Probabilistic Inference of Unknown Locations: Exploiting Collective Behavior when Individual Data is Scarce

New sources of large-scale geospatial data can inform policy decisions ranging from disease monitoring and city planning to disaster management and humanitarian relief. However, existing methods for mining these data are not well suited to most developing country contexts where technology use is less intense and the digital traces are generally quite sparse. Here, we present a method for predicting the approximate location of a mobile phone subscriber that is more appropriate to contexts where the signal generated by each individual may be intermittent, but the collective population generates a large amount of data.

Datalab Faculty

Joshua Blumenstock

Project Description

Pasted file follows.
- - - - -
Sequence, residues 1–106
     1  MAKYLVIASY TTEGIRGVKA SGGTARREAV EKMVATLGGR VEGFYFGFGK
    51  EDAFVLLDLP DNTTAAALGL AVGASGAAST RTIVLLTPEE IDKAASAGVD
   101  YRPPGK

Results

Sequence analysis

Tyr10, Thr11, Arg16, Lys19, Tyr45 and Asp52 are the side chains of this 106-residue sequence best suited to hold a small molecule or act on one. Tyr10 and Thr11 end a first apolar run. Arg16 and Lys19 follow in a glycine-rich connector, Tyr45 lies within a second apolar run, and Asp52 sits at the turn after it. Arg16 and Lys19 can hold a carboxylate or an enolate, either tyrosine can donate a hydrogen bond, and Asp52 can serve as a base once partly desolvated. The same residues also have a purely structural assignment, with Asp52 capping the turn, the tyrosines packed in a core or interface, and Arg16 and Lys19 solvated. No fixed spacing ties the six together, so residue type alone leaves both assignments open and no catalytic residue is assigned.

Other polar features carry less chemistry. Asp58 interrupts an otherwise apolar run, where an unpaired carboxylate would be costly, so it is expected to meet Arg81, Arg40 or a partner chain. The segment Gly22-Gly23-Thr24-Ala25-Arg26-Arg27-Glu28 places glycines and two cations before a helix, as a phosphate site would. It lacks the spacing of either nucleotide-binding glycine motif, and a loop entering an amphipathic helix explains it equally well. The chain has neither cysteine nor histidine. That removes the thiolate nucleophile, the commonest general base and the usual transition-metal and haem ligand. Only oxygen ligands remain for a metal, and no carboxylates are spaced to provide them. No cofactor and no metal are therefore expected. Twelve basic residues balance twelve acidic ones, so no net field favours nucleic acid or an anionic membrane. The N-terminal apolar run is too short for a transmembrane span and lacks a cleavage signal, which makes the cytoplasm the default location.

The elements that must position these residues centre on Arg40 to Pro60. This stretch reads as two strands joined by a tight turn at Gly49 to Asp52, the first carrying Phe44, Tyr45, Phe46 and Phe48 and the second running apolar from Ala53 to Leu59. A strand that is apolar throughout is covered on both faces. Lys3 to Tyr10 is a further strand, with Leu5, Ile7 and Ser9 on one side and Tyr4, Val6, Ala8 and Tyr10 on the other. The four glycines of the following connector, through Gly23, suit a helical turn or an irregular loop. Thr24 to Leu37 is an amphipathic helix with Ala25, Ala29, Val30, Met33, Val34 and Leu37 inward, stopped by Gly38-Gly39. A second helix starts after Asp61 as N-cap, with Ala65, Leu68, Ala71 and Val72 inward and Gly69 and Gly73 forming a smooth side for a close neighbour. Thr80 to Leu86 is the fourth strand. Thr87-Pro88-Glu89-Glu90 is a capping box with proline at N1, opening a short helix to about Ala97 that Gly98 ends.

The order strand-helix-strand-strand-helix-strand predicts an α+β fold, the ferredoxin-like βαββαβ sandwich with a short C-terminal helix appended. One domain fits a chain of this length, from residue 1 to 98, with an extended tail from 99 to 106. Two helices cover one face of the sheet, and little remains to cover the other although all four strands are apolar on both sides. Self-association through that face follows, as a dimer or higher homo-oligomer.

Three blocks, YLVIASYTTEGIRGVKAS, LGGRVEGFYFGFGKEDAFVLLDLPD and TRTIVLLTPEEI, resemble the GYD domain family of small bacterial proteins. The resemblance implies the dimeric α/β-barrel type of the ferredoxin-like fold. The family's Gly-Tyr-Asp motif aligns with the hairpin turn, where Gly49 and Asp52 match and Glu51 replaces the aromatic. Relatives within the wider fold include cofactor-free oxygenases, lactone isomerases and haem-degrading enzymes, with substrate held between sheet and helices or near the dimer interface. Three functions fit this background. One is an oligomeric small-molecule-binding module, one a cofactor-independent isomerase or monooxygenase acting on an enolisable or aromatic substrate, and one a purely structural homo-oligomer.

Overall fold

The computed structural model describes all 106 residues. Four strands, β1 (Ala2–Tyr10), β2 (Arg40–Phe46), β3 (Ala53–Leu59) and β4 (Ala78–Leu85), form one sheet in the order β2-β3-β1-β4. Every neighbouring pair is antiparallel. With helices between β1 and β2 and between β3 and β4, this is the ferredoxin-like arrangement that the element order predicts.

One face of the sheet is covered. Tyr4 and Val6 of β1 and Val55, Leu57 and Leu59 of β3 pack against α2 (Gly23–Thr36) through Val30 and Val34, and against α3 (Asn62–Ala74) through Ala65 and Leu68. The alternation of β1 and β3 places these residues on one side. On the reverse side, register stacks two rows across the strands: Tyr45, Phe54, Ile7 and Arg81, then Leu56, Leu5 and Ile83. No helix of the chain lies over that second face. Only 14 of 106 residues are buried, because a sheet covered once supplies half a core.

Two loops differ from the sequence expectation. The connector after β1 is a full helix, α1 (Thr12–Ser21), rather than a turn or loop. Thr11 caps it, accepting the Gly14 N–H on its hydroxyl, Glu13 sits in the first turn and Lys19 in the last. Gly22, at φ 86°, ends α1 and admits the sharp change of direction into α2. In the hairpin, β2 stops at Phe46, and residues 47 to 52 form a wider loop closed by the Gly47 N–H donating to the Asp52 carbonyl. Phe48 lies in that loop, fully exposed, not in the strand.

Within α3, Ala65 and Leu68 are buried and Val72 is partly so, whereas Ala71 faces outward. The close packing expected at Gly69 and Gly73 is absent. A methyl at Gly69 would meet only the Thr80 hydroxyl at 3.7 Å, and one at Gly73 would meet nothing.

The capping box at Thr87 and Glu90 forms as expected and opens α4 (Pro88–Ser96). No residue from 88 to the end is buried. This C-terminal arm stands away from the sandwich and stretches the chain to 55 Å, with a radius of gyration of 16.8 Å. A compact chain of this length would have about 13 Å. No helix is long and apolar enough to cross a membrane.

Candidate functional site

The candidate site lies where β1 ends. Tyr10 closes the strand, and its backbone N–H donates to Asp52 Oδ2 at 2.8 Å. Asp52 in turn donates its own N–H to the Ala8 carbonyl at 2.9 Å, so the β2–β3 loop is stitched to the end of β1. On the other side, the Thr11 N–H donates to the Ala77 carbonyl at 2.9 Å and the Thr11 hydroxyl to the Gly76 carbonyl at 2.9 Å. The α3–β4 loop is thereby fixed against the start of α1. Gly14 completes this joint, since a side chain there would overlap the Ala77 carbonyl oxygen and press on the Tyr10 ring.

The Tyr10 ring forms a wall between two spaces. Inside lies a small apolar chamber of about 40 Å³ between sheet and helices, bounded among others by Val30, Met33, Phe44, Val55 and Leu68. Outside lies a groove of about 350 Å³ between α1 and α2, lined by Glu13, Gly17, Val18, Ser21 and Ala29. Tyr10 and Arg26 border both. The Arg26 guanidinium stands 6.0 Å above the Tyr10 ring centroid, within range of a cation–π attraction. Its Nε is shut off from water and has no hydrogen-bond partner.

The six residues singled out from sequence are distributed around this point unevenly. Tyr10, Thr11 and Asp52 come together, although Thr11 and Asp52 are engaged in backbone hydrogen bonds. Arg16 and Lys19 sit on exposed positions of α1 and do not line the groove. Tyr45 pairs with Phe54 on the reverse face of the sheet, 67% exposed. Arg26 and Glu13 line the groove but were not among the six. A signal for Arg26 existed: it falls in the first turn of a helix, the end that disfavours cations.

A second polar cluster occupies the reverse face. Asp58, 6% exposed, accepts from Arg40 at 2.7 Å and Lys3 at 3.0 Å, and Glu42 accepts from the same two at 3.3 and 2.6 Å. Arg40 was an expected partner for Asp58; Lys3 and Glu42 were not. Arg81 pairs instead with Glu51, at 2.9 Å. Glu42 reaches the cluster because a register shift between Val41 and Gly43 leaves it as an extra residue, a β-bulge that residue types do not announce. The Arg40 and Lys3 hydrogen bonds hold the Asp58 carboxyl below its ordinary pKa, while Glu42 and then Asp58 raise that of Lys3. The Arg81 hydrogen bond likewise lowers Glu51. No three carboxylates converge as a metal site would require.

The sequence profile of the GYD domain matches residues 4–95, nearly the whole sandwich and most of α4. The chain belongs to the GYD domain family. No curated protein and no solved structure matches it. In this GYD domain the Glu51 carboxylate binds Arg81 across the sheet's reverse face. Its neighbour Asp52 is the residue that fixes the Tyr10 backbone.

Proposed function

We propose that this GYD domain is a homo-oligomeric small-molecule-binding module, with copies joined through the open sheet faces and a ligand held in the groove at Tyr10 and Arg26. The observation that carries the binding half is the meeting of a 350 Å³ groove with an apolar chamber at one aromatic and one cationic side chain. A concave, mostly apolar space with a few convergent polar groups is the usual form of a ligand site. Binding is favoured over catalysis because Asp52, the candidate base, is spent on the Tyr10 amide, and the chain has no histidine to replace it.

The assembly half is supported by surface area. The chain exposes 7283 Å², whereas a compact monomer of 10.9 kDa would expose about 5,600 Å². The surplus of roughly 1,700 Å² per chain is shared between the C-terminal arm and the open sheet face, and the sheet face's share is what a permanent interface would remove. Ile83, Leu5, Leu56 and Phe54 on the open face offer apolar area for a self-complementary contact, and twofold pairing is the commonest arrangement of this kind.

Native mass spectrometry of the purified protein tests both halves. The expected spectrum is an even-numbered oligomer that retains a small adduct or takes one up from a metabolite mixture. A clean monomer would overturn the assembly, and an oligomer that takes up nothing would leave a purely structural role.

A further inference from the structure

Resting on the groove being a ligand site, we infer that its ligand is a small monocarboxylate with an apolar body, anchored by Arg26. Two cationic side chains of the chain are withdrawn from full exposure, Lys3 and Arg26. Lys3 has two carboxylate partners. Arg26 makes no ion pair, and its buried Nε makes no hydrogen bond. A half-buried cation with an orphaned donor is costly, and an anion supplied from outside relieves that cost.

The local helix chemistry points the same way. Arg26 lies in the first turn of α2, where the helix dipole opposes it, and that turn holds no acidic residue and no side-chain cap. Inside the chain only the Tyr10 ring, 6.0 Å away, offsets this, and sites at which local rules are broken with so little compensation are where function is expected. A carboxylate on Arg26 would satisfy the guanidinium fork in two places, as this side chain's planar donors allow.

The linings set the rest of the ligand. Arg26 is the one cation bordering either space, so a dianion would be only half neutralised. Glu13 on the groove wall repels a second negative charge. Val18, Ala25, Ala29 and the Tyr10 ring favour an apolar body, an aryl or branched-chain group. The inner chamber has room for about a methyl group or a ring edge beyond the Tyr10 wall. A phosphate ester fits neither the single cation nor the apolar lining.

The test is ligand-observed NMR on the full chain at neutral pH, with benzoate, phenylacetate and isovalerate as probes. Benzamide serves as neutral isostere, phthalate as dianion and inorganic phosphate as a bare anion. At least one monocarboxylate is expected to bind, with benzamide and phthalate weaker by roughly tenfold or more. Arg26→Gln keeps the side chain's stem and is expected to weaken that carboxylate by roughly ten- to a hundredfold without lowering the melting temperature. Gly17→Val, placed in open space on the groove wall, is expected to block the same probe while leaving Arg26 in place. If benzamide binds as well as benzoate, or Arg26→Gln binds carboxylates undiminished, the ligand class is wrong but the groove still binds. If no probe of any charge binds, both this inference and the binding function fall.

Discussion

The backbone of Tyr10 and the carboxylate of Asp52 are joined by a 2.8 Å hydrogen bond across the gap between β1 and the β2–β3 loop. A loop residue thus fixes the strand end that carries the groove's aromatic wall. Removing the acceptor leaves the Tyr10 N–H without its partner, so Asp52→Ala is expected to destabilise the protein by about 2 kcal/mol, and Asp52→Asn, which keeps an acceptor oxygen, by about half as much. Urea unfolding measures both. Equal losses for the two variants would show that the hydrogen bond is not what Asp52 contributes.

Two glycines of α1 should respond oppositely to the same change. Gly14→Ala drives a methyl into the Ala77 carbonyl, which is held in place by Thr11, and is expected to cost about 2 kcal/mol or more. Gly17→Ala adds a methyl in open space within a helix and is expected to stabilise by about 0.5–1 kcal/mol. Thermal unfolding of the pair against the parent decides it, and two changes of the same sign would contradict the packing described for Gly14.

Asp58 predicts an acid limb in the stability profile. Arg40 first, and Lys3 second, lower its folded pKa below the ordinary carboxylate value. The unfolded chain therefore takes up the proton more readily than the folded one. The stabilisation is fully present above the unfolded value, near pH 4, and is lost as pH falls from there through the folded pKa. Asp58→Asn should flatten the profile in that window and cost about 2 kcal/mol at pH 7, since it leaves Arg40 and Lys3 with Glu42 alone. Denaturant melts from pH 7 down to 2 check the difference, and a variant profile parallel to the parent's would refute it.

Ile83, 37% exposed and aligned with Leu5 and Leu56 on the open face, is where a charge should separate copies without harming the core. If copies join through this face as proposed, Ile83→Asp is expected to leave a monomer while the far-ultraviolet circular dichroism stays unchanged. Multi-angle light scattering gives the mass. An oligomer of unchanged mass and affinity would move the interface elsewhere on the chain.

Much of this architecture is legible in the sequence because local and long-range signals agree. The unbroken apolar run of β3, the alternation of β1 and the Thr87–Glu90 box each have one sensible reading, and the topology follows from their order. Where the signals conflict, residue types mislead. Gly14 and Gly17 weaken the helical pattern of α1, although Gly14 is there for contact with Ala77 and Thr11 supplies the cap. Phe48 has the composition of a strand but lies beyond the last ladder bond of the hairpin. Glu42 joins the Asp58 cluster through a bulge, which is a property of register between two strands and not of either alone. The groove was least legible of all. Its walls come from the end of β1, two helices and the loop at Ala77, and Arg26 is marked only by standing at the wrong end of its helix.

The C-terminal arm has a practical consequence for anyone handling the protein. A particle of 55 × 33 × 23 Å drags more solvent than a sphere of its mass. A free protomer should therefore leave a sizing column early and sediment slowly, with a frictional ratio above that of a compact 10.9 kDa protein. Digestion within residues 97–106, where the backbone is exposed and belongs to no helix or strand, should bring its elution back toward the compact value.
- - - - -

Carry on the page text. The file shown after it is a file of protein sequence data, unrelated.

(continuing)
New sources of large-scale geospatial data can inform policy decisions ranging from disease monitoring and city planning to disaster management and humanitarian relief. However, existing methods for mining these data are not well suited to most developing country contexts where technology use is less intense and the digital traces are generally quite sparse. Here, we present a method for predicting the approximate location of a mobile phone subscriber that is more appropriate to contexts where the signal generated by each individual may be intermittent, but the collective population generates a large amount of data. This method works well when, for instance, an individual is not consistently active on the network or when the phone is off. Our model uses a nonparametric approach to probabilistically interpolate locations, and has the advantage of associating a confidence with each prediction. We test this method on a large dataset of anonymized mobile phone records from Afghanistan, and find that we can correctly predict a subscriber's unknown location in 76%-95% of cases, and that on average our predicted location is off by 0.2-1.9 kilometers